I was just catching up on the local news, and came across this article on the local rag's website. It details what you might think of as being rural joy riding: someone takes a 4x4 and trailer into a butterfly reserve and sets about destroying several skylark nests and loads of cowslip flowers. It's what happens hereabouts - ocassionally.
But here's the thing. The local rag depends upon advertising in order to tell me all about this. But what does Google AdSense throw up? An invitation to discover the joys of the Toyota Family 4x4 Range.
This is my BT landline phone. You probably can't see what it says on the display, which is part of the reason for showing it to you. Let me tell you what it says: "1 NEW CALLS".
Now, dear BT. How your customers love to hate you. But you've no idea, have you? Absolutely none at all.
So let me explain. Is there any point in me knowing how many calls I might have had in a day? Not for me, there isn't. But if you want to give me information that YOU might think is useful, then do me a favour and make it legible. And while you're about it, bloody well tell me in ENGLISH.
I would have phoned* you to explain this. But then you're a telecoms company and you won't allow your customers talk to anything but machines, will you?
End of the week, friday and we all live for the weekend. Unless of course you might be a designer and you don't necessarily live for the weekend, as you never stop thinking with the exception of sleep I suppose. (I can tell you for sure I do not dream about design, deadlines perhaps but that's a whole different kettle of fish all together) So yes Friday were all looking forward to relaxing, so I thought after yesterdays rant, I'd post something a little less weighty. I'm not a huge typography fan but recently I have come to appreciate and yes, adopt a geek type of sensibility. Below are a couple of examples I've spotted recently of bad kerning quite a fundamental corner stone of design. Isn't interesting that these examples come from opposite ends of the retail spectrum? I guess no one is safe from the designers who don't learn to kern!
It's amusing to see such a simple element subjected to a lack of knowledge, and would love to know how wide spread this principle extends. If you have any bad kerning photographs please by all means do share. A simple observation that would however go unnoticed to the general public, but us designers, we don't switch off really do we?
In any case I hope you might have enjoyed one or two posts, and advocate criticism, comments and ridicule... constructively of course...
I have a certain fascination with 'brown box' packaging. That is the cardboard boxes that are used to transport goods around the world, but which are usually discarded before those goods are put on sale in a retail store. Unless, of course, you're buying something which might be 'flat-packed' (from IKEA, for instance), where what you receive or take away with you comes straight off the warehouse shelf. I'm fascinated because these boxes have to be highly functional, as do the graphics that are applied to them. Perhaps I'll write more about this one day. But in the meantime I can't help wondering about a couple of boxes that I've had stored for a long time. They contain glass lampshades that I've never got round to putting up. The boxes have text in several languages advising me which way up to store them, and this graphic which reminds me that the contents are made of glass and are breakable:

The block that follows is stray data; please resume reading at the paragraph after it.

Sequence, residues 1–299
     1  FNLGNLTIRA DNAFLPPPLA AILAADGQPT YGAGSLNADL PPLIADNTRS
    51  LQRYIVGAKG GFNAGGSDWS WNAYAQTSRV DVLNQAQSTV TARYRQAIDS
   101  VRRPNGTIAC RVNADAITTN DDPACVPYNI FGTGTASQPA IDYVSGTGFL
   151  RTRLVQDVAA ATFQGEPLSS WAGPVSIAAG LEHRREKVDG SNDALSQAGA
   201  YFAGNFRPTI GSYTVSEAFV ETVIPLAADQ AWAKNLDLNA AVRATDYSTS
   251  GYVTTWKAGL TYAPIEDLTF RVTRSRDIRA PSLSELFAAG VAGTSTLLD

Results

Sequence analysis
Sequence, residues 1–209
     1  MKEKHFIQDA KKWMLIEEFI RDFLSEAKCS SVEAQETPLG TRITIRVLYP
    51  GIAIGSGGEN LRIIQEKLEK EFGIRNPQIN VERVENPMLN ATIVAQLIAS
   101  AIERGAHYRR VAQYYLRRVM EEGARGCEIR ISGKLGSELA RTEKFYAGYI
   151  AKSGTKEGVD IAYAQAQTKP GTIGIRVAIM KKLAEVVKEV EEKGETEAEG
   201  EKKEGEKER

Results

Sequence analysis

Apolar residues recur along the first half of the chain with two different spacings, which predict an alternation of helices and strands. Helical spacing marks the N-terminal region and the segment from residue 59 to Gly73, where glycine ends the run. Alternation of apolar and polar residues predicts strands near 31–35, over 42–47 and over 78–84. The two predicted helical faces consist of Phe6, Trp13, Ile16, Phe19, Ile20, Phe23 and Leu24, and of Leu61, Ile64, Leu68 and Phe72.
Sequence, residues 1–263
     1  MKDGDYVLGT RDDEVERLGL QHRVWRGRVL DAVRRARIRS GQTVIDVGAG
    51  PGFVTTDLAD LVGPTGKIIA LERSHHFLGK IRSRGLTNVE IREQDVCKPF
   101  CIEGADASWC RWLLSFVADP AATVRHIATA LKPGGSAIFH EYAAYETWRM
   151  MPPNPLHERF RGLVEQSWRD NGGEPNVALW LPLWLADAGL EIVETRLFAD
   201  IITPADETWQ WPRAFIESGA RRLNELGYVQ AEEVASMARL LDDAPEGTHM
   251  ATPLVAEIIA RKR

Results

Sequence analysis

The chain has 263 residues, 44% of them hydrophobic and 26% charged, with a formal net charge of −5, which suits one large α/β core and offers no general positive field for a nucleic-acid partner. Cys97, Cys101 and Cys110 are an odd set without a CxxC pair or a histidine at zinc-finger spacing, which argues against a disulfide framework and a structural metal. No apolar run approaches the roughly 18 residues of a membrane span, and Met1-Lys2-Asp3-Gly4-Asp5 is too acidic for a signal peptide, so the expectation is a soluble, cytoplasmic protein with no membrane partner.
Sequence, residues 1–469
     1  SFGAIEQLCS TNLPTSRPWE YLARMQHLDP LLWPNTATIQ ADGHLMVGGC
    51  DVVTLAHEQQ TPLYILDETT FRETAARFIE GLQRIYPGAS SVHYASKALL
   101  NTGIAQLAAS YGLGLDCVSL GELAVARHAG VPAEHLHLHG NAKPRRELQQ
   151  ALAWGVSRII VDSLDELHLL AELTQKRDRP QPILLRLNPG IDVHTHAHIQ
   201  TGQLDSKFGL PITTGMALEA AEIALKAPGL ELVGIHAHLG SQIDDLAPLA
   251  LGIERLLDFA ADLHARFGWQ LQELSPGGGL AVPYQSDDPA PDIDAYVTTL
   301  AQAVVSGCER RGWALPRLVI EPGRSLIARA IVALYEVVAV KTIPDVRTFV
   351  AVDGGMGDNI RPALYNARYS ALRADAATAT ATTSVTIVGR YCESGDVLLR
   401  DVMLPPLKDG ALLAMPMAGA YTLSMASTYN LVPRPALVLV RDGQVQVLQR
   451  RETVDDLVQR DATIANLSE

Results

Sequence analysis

Does its job well, doesn't it? Except, though, that if I did drop a wine glass on the floor the one part that is never going to break is the stem.
My story about my espresso cups illustrates, I hope, the mantra that 'good design is as little design as possible'. But it's a very difficult trick for designers to pull off: to design in such a way that what you create is accepted as just being itself, rather than something that declares itself as having been 'designed'. Not least is the fact that we have to earn a living, and it's often the client who might expect to see 'bangs for their bucks' that determines how 'designed' something might appear to be. And the client's own customers - for very often what they might want for their money is a little bit of 'bling'. Or, as the estate agent I met at a party declared to me, "so your job is to make things look sexy".
Now, talking of estate agents, I've been keeping an eye on the local property scene for the last two or three years (in the idle anticipation that I might one day decide to move house). And no doubt people (and estate agents) need to spend some time on preparing a property so that it will photograph well and entice potential punters over the threshold. Or made to look 'sexy', as my fellow party goer would have it. But there are two forms of 'sexiness' that I see on Rightmove almost every day that really do make my heart sink.
Downlighters. In the bathroom, fine - I don't really have an issue with that. In the kitchen - I might possibly be persuaded. In the lounge - NO, NO, NO (particularly if the house is Edwardian, as many in my area are).
Decking. Look, I live in southern England. If I'm really, really lucky, the times that it might be possible to relax with a glass or two of Chardonnay on a wooden platform in the open air occur between the months of May and September. The other eight months it's invariably pissing down with rain and I'd be arse over tip as soon as I stepped out of the back door. There's only one place for decking - and that's Australia.
And the sad part of this particular rant? It's that some people look at these things and think that they're 'well designed'.
Normal - ie cheerful - service will resume tomorrow. Maybe.